Every great struggle has a turning point. Just a few days ago, we remembered the 80th anniversary of D-Day, the enormous battle when the Allies from all over the world gathered together and fought onto the beaches of Normandy. At the end of those June days, the battle against fascism and the Nazis wasn’t over, it wouldn’t be over for almost a year. Yet clear eyed observers could see: the victory was a matter of time. It was being won. Jesus’ earthly ministry is a decisive time in making a new way to come home to God. The war isn’t over on this day in Nazareth, but his ministry, his life, is the decisive battle. The language of the time calls being at home with God a kingdom. That’s language people in the first century understood. But many are now calling it instead a kin-dom, an understanding we are all children of God. Remember what we heard Paul say last week?— he no longer regards anyone from an earthly point of view. 

God is acting in Jesus, acting just as the prophet Jeremiah said, to create a new covenant, a new opening, a new way home to God. In the middle of this, Jesus says that all sins will be forgiven, except blaspheming the Holy Spirit. That verse has sparked all kinds of guilt and judgement. What is blaspheming? Another translation is ‘insulting”. What is insulting the Holy Spirit? The Spirit is the name for God acting in the world, so what Jesus seems to be saying is, if you don’t accept and believe in forgiveness, you can’t be forgiven.

The story doesn’t say what happened to the Jerusalem scribes. But it does bring us back to Jesus’ family: they’re standing outside the circle. Remember them? They came to restrain him for acting crazy. When he’s asked about them, he says simply, “Look, we are all family here.”

 Here are my mother and my brothers!
Whoever does the will of God is my brother and sister and mother.

Apparently, his family does come to understand this. All the disciples desert him at the cross, but his mother is there, and his brother James becomes the leader of the Jerusalem church, the first congregation of his followers.

Jesus means to bring us to the kin-dom of God. Everyone is invited. Later, Paul will say, 

There is neither Jew nor Greek, there is neither slave nor free, there is neither male nor female; for you are all one in Christ Jesus. [Galatians 3:23]

So we know who is speaking the truth of Christ, those who bring all of us together.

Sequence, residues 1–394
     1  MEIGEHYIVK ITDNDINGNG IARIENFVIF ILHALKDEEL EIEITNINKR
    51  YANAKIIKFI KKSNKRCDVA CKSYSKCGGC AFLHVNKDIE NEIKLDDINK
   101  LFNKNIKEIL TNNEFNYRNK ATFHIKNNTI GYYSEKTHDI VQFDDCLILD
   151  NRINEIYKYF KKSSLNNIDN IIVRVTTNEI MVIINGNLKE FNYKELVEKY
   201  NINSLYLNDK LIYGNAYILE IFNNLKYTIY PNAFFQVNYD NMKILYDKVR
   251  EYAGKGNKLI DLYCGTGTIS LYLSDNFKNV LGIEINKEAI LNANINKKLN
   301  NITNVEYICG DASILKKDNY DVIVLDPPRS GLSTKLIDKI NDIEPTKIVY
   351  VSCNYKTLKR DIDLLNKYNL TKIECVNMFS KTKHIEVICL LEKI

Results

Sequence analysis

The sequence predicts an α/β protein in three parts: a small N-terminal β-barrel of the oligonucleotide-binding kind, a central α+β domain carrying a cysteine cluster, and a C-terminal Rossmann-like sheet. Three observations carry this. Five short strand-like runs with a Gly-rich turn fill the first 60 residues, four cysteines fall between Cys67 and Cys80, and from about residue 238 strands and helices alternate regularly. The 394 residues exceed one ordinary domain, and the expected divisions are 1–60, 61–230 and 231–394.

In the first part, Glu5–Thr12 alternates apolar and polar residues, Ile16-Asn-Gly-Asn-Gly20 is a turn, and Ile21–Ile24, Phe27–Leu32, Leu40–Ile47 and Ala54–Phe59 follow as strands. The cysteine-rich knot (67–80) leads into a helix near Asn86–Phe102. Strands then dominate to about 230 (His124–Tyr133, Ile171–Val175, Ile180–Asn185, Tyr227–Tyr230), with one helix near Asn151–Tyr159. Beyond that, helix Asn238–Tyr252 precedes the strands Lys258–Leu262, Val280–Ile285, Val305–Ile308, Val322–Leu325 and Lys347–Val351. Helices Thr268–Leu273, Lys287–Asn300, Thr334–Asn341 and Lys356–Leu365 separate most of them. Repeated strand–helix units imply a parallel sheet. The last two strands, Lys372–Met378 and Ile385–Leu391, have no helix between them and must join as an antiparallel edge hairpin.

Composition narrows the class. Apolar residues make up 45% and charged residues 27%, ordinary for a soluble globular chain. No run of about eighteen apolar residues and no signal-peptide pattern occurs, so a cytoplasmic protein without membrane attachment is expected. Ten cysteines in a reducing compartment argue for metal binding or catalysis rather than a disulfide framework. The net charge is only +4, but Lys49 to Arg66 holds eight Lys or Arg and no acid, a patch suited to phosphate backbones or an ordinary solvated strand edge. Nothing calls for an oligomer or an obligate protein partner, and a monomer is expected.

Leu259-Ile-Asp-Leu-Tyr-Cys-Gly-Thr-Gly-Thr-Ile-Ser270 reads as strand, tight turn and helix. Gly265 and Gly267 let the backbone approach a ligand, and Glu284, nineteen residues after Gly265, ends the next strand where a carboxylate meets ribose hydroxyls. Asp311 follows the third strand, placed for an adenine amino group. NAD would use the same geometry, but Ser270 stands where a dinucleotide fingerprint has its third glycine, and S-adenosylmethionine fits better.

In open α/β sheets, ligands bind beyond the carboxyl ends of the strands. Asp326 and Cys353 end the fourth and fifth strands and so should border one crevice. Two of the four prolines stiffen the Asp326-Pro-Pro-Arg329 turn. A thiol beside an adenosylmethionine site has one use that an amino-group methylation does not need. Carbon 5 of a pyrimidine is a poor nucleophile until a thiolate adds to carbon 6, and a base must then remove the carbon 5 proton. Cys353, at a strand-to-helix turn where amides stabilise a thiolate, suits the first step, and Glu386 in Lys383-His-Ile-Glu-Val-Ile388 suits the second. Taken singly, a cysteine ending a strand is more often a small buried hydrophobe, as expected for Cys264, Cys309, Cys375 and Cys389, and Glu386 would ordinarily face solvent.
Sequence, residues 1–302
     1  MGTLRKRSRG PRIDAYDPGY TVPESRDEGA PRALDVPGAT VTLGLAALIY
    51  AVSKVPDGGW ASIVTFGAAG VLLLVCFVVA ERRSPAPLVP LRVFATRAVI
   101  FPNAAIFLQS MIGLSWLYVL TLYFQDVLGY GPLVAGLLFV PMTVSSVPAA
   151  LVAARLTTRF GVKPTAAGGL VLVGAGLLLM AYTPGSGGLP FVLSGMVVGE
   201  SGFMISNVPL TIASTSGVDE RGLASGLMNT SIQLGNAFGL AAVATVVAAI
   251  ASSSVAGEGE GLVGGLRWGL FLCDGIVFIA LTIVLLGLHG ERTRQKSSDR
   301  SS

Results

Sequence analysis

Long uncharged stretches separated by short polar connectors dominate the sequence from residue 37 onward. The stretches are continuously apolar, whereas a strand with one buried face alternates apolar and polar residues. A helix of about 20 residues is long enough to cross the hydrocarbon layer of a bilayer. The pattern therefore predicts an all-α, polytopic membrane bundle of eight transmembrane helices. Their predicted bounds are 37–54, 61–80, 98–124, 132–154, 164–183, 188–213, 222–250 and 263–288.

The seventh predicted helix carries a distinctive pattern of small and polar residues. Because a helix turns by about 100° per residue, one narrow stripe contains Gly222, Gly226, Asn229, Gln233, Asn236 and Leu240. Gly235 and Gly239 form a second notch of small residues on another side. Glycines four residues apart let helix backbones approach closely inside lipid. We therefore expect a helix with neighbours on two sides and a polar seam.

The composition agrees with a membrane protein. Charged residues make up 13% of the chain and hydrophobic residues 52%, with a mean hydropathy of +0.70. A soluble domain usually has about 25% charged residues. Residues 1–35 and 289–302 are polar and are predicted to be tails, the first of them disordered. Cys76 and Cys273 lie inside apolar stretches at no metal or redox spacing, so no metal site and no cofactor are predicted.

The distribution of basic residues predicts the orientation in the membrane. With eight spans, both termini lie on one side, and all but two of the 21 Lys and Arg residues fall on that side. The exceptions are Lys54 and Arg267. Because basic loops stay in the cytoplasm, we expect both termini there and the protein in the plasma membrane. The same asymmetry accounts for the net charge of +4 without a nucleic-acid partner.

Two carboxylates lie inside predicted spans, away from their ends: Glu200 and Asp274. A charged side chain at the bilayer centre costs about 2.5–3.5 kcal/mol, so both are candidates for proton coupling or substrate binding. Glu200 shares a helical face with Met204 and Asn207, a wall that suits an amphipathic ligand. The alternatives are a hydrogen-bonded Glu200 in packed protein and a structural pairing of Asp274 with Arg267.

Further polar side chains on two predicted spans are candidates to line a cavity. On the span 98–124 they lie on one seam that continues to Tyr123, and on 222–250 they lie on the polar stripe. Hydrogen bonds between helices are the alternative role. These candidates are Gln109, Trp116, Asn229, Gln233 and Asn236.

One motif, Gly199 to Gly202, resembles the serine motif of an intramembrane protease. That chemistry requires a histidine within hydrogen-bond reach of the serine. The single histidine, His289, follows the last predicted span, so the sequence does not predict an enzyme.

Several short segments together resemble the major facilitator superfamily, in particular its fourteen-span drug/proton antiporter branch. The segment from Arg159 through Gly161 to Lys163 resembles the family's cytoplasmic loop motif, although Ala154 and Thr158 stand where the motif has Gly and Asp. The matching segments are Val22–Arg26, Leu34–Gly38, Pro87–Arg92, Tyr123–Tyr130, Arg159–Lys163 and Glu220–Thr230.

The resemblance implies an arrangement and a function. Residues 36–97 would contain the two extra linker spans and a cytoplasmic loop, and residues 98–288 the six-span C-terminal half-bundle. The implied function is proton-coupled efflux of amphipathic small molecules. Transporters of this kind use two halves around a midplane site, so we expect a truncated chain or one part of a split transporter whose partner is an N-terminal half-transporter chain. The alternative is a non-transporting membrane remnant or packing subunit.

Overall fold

We haven’t always known this. Our history shows we’ve often given in to the world’s divisions. Jacquelyn can remember seeing water fountains marked “Colored” and “White” growing up in Texas. We all remember. Many in Congregational and UCC churches started preaching the full inclusion of gay and lesbian and transgender people and nine years ago our legal system caught up and allowed them to marry, something we celebrate during Pride Month. For years, we were told about all the awful things that would happen if gay folks married. Recently, a 20-year study of gay marriage found what many suspected all along: nothing bad has happened, it’s simply that many more people are now in loving, committed marriages.

Today is Father’s Day, an especially poignant day in our family. I don’t have any biological children. I always thought that meant I wasn’t a father. But along the way, I raised three children, my daughter Amy, my son Jason, my daughter May. It wasn’t always easy—on them or me! But we managed. They are legally what people call stepchildren. But long ago we all dropped the step part because it didn’t describe how we loved each other. In our own little way, without thinking it through, just doing what seemed right, prompted by the Holy Spirit, we learned to love each other. We stopped making decisions. In effect, we said, “Who are my parents? Who are my children? Who is my family?”—all of us who love each other. We learned to make a family; we learned it’s love that makes a family.

Jesus came proclaiming the kin-dom of God. Some couldn’t understand and thought he was crazy; some were inspired. Some insisted on all the usual divisions, gender, politics, class, race.
But Jesus came proclaiming the kin-dom of God: that all are God’s children. He’s still proclaiming it. All he asks is that we see each other as God sees us: as children of God.